Private companies and investors in the private markets do not face the direct challenge of a shareholder resolution or proxy vote concern about director elections or other corporate-backed proposals. However, proxy season trends offer a useful window into expectations private market participants face on other fronts. Increasingly, requests for similar ESG information are expected as a part of other types of corporate financing. Private equity investors, banks, and other capital providers also seek to understand how large and small firms manage their most relevant ESG issues.
There are no public records of proposals or votes and less pressure to report on ESG issues publicly. Still, surveys of investors and other participants in private markets show a similar rising tide of interest in understanding relevant ESG issues. Private companies and investors can use many of the same tools as public market peers and can sometimes find customized guidance for their asset class.
As companies and investors face questions from stakeholders about their strategy on climate change and other ESG issues, ClimeCo is here to develop solutions that fit your needs. For more information or to discuss how ClimeCo can drive value for your organization, contact us at email@example.com.
Here are some recent resources offering guidance on many of the topics discussed above:
Investors/companies looking to identify material ESG issues by industry
A Climate Disclosure Framework for Small and Medium-Sized Enterprises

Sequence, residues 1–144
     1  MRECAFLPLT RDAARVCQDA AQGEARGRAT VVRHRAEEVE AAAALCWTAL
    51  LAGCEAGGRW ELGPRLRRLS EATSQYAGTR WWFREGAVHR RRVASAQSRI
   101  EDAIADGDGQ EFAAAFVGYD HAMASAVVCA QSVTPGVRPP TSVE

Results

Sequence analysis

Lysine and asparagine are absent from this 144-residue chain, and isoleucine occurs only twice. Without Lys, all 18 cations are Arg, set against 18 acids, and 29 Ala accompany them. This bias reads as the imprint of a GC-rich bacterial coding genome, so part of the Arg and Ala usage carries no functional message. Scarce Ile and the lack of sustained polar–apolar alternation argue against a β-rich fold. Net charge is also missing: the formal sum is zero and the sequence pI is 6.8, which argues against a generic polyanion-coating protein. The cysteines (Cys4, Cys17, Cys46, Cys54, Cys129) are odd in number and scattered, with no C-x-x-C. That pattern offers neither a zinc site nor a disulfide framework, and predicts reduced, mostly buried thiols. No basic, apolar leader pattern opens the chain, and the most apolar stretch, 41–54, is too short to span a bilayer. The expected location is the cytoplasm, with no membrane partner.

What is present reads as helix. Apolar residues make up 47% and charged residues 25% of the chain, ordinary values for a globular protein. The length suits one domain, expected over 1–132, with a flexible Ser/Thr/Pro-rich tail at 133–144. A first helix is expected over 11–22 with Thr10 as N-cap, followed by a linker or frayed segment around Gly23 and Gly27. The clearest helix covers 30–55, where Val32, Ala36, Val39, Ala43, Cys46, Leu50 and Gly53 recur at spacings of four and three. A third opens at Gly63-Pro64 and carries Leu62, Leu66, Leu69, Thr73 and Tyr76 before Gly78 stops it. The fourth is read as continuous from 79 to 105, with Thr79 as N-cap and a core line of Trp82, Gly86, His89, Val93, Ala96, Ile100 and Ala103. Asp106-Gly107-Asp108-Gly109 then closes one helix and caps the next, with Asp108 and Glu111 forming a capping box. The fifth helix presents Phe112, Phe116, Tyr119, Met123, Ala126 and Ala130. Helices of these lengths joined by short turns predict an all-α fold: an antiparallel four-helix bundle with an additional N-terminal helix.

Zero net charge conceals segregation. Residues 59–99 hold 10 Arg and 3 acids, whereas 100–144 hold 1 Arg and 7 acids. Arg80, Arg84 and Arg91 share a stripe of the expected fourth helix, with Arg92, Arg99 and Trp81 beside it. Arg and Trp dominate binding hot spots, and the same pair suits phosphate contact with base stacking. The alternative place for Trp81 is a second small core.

Investors/companies looking to establish climate disclosure for smaller companies
Audited Financial Statements and Climate-Related Risk Considerations
Center for Audit Quality
Audit Committees looking to build climate literacy
Investors/companies looking to develop transition plans from current disclosure
State Street Global Advisors
Investors/companies looking to establish or enhance diversity disclosure
Center for Political Accountability
Investors/companies looking to establish or enhance political spending oversight
 “Heads Up for the 2022 Proxy Season,” Weil, Gotshal & Manges LLP, 12/22/21, https://governance.weil.com/latest-thinking/heads-up-for-the-2022-proxy-season-iss-and-glass-lewis-release-voting-policy-updates-for-2022.  Proxy Preview 2022, p.5, available at https://www.proxypreview.org/.
 “The Long View: US Proxy Voting Trends on E&S Issues from 2000 to 2018,” Kosmas Papadopoulos, Managing Editor, ISS Analytics, published on 1/31/2019 at the Harvard Law School Forum on Corporate Governance.
About the Author
Erica Lasdon is Sr. Director, Capital Markets on ClimeCo’s Sustainability, Policy, and Advisory team based in Washington DC. Erica specializes in applying ESG to financial company operations, with deep expertise in engagement, proxy voting, and investment functions across a wide range of asset classes. Erica holds a B.S. in Biology and a B.A. in History from the University of California, San Diego and served on the development team for the Sustainability Accounting Standards Board’s Level II exam for the inaugural FSA credential.